Hide and Seek (Rules and History)

Hide and Seek is a game most if not all of us can remember from our childhoods, and it is a game that we likely passed onto our children.

This classic children’s game has been around for centuries and remains a favourite, for the simple reasons that it requires few players, uses neither tools nor props, and facilitates physical activity while piquing the innate hunter curiosity engrained in children as they explore their world and learn survival skills through both communicating, hiding and finding exactly what they are looking for.

Additionally, it is very easy to play, provided the children are in a place with ample and sufficient hiding possibilities. There are not many rules and there is no time limit. This ease of pressure also makes it inviting for children.

Rules

Players: at least two

Rules: There are few rules other than the basic point of the game, which singles out a seeker, known as “it,” while the other players find hiding spots. The seeker counts aloud to a number previously agreed upon by all players so they know how much time they have to hide.

This in turn allows them to venture to an appropriate distance and situate themselves before the seeker finishes counting. For example, if playing in a house the seeker may count to 40 or 50 while in a smaller space the seeker may count to 20. The usual speech goes like this: “One, two, three…twenty. Ready or not, here I come!” It is very important to tradition that the seeker say “Here I come” to let the other players know their time is up.

The seeker must close their eyes and often is required to face a wall away from the players. While the seeker counts, the other players look for hiding places and once they are positioned, they cannot move. The seeker finishes counting and the hiding players stay quiet as possible until they are found. They are not allowed to change hiding places once the seeker has finished counting.

Hide and seek is a long favoured game as it requires nothing but the players, takes no time at all to set up and makes use of several skills including counting (some seekers may count in intervals: for example, five, ten, fifteen, twenty…ninety-five, 100), the ability to remain silent, base animal instincts like observational skills for hunting or finding a target.

It allows the seeker to tune into their senses to aid them in finding the concealed players, while the concealed players are able to practice remaining calm and silent in what could arguably be described as high-stress situations.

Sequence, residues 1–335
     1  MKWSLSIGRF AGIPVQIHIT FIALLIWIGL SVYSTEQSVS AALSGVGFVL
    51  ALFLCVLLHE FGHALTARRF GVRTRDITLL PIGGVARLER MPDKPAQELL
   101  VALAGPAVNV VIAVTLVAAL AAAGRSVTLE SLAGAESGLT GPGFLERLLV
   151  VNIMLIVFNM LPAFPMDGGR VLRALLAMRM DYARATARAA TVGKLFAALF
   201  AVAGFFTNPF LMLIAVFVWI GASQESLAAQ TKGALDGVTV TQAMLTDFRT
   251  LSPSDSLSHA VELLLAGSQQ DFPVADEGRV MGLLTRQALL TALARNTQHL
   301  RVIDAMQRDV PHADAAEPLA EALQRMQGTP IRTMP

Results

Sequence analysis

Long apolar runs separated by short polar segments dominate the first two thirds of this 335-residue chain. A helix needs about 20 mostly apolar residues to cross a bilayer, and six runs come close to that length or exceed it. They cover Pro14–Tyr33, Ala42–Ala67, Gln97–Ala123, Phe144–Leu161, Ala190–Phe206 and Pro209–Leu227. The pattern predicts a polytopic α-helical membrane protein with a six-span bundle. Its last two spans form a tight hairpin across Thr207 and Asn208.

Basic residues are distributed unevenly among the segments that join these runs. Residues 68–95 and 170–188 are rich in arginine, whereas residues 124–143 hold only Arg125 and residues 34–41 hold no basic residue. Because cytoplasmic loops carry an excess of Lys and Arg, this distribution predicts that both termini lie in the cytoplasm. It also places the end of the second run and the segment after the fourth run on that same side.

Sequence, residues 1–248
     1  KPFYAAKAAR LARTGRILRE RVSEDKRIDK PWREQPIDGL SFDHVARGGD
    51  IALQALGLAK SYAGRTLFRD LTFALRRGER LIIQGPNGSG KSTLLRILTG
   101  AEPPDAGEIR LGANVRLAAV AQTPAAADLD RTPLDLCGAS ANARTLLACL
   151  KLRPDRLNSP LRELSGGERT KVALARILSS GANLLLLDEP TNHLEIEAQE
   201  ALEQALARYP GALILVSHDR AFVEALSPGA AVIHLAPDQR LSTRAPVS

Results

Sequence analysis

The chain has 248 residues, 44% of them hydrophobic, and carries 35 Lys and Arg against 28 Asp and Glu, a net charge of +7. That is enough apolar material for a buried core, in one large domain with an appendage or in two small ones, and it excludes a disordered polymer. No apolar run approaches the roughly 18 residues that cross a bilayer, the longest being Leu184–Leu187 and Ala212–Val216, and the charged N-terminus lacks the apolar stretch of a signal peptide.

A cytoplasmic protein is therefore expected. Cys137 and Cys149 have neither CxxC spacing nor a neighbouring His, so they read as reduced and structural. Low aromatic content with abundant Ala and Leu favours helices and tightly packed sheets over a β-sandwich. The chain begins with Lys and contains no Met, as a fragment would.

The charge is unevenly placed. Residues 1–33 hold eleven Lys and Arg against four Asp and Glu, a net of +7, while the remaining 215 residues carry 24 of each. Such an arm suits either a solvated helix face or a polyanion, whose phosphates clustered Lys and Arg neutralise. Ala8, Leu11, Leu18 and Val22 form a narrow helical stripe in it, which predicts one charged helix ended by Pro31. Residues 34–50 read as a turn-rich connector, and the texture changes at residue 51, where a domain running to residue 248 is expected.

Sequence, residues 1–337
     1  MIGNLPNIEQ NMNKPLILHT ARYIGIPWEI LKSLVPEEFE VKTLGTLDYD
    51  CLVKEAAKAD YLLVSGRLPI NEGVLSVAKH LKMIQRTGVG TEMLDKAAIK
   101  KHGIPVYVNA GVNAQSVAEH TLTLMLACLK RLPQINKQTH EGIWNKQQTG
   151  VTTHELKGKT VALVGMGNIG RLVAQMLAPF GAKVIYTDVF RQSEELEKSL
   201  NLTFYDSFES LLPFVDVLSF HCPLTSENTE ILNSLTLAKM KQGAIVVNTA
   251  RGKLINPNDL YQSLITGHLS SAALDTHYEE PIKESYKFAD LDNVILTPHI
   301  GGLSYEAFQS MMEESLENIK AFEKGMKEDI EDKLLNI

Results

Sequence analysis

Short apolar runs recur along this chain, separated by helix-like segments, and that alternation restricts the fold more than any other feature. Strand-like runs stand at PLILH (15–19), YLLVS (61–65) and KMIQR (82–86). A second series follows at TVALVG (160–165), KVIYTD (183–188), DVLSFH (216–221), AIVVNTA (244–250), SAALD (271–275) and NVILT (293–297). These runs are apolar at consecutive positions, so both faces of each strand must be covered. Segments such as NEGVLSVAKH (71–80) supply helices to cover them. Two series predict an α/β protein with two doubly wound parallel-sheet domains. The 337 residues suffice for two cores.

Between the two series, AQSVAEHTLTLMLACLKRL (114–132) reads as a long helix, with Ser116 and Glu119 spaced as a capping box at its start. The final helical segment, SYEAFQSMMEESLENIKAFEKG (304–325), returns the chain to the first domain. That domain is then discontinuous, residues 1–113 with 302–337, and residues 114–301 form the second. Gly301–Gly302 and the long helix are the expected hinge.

The player found last wins the game and becomes the seeker for the next round. This game is also favoured as it gives everyone an equal chance at winning and playing different roles in the game.

Sometimes there is a home base, where the seeker will have counted. If the seeker has not found the players in a certain amount of time, then the hiding players may run to home base before the seeker catches them, and this renders them safe. If a player is tagged while running to home base, they become the next seeker.

This game has been around for centuries as we mentioned. Even in shakespeare’s writings we see references to a child’s game of hide and seek. Footraces, tag and the like have been around long as people have had legs. The Encyclopaedia of Play in Today’s

Society traces this game all the way back to 200 years Before Common Era (200 B.C.). One can feasibly argue the game of hide and seek is as old as survival itself, for it feeds into the very notions and roles of predator and prey, while giving the seeker the thrill of the hunt and the concealed players the thrill of successfully evading a predator.

Olly Olly Oxen Free

Olly olly oxen free is a phrase typically used in these games where the seeker yells out, “Olly olly oxen free!” to let the remaining hidden players they can come out or back to the home base without being caught; they are free and won’t be tagged.

Sardines

Sardines is like hide and seek but rather the opposite: one player hides while the others try to find them. When one player finds the hidden person, they join them in hiding. Each player who finds the hidden players joins them, until they look like packed sardines in a tin box.

Ghost in the Graveyard

Ghost in the Graveyard is another variation of hide and seek that is played at night in the dark. It employs three or more players in an outdoor area. The ghost is the person hiding, and the other players try to find them. The player who finds the ghost yells “ghost in the graveyard!”

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